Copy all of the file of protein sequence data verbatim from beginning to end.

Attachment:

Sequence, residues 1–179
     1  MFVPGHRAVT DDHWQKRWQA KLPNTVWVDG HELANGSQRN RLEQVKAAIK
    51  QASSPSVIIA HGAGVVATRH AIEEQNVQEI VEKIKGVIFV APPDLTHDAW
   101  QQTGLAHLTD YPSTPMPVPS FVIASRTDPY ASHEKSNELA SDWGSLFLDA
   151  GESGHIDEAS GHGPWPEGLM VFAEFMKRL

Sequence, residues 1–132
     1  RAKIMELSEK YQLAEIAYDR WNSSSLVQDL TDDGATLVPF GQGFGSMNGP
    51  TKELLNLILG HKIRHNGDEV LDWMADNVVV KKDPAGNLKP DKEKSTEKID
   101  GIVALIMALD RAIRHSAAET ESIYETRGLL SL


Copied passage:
Sequence, residues 1–179
     1  MFVPGHRAVT DDHWQKRWQA KLPNTVWVDG HELANGSQRN RLEQVKAAIK
    51  QASSPSVIIA HGAGVVATRH AIEEQNVQEI VEKIKGVIFV APPDLTHDAW
   101  QQTGLAHLTD YPSTPMPVPS FVIASRTDPY ASHEKSNELA SDWGSLFLDA
   151  GESGHIDEAS GHGPWPEGLM VFAEFMKRL

Sequence, residues 1–132
     1  RAKIMELSEK YQLAEIAYDR WNSSSLVQDL TDDGATLVPF GQGFGSMNGP
    51  TKELLNLILG HKIRHNGDEV LDWMADNVVV KKDPAGNLKP DKEKSTEKID
   101  GIVALIMALD RAIRHSAAET ESIYETRGLL SL